UK's economic recovery slowed in July despite coronavirus lockdown easing

Car sales rose to above pre-coronavirus levels in July, helping the UK's economic recovery. Credit: PA

The UK economy grew by 6.6% in July but the rate of the country’s financial recovery has slowed down, according to official data.

The Office for National Statistics (ONS) said GDP increased for the third consecutive month in July after lockdown restrictions eased further, but remained 11.7% below pre-coronavirus levels.

A consensus of analysts predicted a 6.8% month-to-month increase.

  • ITV News Business and Economics Editor Joel Hills explains the latest ONS figures

Figures showed that the economic rebound decelerated after the UK had reported 8.7% growth in June.

The reopening of pubs, restaurants, cafes and hairdressers in England from early July, as well as leisure facilities later in the month, would have helped contribute to the rebound in the economy.

Hotels, bed and breakfasts, holiday homes, campsites and caravan parks were all allowed to reopen as well.

Car sales rose to above pre-virus levels in July, helping to contribute to the UK's recovery.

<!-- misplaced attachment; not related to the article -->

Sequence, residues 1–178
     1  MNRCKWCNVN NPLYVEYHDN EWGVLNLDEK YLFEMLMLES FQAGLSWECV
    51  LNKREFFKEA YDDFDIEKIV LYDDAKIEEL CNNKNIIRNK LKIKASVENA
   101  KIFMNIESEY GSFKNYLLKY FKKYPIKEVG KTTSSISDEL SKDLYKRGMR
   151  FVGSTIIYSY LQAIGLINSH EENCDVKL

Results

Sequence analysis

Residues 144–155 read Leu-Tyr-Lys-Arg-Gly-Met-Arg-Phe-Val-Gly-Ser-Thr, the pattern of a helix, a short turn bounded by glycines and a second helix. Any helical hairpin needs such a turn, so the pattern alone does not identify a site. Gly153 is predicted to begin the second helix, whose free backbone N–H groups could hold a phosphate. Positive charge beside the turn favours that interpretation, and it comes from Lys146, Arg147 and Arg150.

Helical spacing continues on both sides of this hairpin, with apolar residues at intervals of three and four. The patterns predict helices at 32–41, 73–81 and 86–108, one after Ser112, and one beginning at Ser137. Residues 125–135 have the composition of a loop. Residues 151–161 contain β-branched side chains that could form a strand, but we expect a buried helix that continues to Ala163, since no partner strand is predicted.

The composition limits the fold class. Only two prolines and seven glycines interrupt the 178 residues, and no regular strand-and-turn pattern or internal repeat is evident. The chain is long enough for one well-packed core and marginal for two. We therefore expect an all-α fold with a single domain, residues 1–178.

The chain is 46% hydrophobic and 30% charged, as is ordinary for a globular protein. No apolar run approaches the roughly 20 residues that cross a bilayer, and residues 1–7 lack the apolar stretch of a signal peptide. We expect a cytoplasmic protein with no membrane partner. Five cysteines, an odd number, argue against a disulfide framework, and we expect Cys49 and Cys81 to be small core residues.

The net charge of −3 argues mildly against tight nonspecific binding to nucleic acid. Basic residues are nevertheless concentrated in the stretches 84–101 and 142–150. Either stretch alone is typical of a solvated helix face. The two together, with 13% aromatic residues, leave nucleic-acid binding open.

ITV News Business and Economics Editor Joel Hills said despite the slightly slower pace of recovery compared to June, he said the recovery was "still pretty full-throated" and that the UK had managed to regain half of the ground lost during lockdown.

ONS director of economic statistics Darren Morgan said: “While it has continued steadily on the path towards recovery, the UK economy still has to make up nearly half of the GDP lost since the start of the pandemic.

“Education grew strongly as some children returned to school, while pubs, campsites and hairdressers all saw notable improvements.

“Car sales exceeded pre-crisis levels for the first time with showrooms having a particularly busy time.

“All areas of manufacturing, particularly distillers and car makers, saw improvements, while housebuilding also continued to recover.

“However, both production and construction remain well below previous levels.”